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Polonsky, Rachel, Molotov's Magic Lantern: Uncovering Russia's Secret History (London: Faber and Faber, 2010).

A writer explores a country and its culture in a luminous, original and unforgettable book.

In the 1990s Rachel Polonsky went to live in Moscow with her family, and began a journey of discovery into a country she thought she knew well. She lived in an apartment block on Romanov Street that had, in Tsarist and Soviet times, been a residence of the elite; and one of those ghostly neighbours was Vyacheslav Molotov, Stalinís henchman and arch survivor of that ferocious regime. (Marshal Budenny, hero of the civil war, and Marshal Konev, conqueror of Berlin, also lived there; Leon Trotsky was carried out of the building by the secret police when he was first sent into exile).

In Molotovís former apartment, Rachel Polonsky discovered what remained of his library. And she learned that Molotov - ruthless apparatchik, joint author of the collectivisations and the Great Purge - was an ardent bibliophile, an eager reader with a particular devotion to Chekhov. He had all the classics; and he owned signed first editions of books by writers he later sent to the Gulag.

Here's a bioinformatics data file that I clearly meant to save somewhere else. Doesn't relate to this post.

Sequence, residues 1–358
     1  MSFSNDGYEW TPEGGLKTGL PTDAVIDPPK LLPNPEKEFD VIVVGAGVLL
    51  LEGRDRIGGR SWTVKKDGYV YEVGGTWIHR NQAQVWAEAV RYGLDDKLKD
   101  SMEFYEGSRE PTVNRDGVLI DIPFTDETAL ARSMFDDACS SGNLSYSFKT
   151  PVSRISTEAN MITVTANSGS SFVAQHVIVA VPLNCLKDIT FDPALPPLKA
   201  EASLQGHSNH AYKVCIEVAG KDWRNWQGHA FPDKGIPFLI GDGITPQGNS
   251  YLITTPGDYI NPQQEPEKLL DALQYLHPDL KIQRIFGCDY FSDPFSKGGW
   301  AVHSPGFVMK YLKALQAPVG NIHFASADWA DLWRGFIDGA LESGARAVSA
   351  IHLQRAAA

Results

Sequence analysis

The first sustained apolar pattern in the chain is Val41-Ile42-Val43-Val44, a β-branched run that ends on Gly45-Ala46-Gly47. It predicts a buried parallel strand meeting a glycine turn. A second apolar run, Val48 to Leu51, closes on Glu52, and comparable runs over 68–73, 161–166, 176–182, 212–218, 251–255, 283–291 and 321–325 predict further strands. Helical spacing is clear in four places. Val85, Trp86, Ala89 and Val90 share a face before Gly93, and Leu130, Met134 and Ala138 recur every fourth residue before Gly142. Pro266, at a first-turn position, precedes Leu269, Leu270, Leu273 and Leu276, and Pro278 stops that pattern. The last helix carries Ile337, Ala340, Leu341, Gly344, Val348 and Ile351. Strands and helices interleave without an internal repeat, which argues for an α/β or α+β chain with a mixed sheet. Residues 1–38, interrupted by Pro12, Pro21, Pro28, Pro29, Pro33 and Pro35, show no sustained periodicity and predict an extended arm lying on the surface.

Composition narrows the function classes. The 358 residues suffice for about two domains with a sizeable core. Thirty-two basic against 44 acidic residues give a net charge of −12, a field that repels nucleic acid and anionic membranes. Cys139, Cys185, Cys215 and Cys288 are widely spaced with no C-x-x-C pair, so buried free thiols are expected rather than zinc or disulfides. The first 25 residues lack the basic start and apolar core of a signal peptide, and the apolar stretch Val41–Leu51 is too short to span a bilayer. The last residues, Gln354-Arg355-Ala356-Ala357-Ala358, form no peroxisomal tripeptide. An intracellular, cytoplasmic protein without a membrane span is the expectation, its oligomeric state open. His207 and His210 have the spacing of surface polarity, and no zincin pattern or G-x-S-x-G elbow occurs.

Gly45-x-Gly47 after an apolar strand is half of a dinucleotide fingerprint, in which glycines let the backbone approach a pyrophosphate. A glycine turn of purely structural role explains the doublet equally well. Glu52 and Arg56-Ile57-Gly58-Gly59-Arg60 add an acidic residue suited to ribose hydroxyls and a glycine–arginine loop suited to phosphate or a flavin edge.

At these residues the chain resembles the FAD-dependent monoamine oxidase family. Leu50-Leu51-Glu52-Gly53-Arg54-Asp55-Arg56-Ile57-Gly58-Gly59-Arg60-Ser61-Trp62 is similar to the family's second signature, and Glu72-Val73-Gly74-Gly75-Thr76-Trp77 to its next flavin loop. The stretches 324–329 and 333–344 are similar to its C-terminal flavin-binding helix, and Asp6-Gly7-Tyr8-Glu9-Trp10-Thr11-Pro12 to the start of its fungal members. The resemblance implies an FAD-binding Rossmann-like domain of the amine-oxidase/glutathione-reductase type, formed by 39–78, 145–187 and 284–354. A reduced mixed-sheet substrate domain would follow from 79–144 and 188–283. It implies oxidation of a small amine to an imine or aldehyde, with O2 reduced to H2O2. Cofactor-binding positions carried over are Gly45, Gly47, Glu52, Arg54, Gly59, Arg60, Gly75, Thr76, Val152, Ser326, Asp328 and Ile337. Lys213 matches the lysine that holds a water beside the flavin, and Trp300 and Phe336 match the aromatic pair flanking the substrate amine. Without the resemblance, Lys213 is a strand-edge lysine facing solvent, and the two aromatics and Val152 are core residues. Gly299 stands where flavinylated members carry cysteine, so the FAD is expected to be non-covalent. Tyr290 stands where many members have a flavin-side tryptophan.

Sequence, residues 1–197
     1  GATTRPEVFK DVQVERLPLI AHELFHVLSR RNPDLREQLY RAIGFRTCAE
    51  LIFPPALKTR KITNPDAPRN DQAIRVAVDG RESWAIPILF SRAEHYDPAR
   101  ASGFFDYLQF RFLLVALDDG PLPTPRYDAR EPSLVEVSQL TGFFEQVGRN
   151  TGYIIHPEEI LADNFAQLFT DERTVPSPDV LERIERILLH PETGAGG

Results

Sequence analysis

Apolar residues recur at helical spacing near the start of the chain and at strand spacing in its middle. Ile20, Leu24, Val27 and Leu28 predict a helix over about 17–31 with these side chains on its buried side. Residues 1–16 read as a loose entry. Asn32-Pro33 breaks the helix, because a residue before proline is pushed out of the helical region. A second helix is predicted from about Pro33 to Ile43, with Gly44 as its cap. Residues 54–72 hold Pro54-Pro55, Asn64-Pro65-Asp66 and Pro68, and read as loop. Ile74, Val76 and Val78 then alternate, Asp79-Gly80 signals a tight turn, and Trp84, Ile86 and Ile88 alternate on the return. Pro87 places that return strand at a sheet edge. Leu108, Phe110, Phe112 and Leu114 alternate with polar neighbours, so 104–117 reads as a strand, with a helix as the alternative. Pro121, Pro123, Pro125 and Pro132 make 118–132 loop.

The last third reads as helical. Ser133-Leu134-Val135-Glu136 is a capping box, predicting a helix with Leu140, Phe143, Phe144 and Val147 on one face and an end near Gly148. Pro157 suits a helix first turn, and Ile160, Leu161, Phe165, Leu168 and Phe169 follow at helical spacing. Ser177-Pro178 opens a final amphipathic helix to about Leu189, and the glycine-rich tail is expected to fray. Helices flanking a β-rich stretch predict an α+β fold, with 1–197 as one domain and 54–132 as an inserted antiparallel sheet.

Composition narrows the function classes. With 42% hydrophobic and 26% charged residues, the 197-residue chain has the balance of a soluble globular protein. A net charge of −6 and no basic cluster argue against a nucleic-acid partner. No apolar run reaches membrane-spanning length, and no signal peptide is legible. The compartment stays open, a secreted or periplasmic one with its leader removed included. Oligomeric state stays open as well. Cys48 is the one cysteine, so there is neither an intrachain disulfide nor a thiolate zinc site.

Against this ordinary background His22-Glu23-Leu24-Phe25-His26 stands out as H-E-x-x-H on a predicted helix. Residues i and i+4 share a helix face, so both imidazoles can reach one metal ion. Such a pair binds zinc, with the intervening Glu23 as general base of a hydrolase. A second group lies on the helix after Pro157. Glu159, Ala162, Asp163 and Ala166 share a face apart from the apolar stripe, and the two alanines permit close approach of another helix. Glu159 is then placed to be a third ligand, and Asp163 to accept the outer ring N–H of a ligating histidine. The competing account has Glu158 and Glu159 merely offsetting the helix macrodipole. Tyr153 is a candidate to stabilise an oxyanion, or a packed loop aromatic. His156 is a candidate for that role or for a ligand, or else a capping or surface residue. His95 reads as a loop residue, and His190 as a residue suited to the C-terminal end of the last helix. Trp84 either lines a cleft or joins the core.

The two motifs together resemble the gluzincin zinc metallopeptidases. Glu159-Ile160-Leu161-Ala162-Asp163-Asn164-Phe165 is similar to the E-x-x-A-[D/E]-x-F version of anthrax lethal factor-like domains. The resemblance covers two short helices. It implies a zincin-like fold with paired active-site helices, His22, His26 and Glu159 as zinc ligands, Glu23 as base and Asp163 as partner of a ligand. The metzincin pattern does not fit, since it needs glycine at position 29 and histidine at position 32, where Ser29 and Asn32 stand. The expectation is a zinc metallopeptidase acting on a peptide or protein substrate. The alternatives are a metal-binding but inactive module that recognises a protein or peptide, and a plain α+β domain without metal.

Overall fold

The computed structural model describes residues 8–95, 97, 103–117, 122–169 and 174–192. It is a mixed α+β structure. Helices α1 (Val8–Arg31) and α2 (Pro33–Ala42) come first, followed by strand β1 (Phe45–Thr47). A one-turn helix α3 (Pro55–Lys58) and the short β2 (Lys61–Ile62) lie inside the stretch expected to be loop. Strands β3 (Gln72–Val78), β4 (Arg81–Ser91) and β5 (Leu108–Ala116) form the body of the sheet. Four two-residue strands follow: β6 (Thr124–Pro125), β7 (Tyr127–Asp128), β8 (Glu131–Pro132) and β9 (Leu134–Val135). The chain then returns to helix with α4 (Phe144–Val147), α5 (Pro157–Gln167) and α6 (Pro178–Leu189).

The library and the building in which Rachel Polonsky found it are at the heart of the book, the prism through which she looked at Russian history and at Russia as it is under Putin, and she kept returning to it in her journeys around Russia in search of the places associated with the writers in the library and with the politicians and soldiers who had lived in the Romanov house. At first she walked the streets around the Kremlin, writing about Moscowís buildings and churches, its old bath houses and vanished aristocratic families, about Pushkin and the Decembrists, then widening her search to the towns and artistsí colonies in the region around the capital. Later she went from the far south to the high Arctic, from St Petersburg in the west to the border with Mongolia in the east.

In each place she encountered the past of a country ravaged by war, famine, genocide and totalitarianism, but also the legacy of Russiaís writers: their airy humanism, their tortured insights and nationalist fantasies, their epic responses to war and terror, their commitment to spiritual values and to natural science - a great and contradictory culture that continues to haunt the rest of the world.

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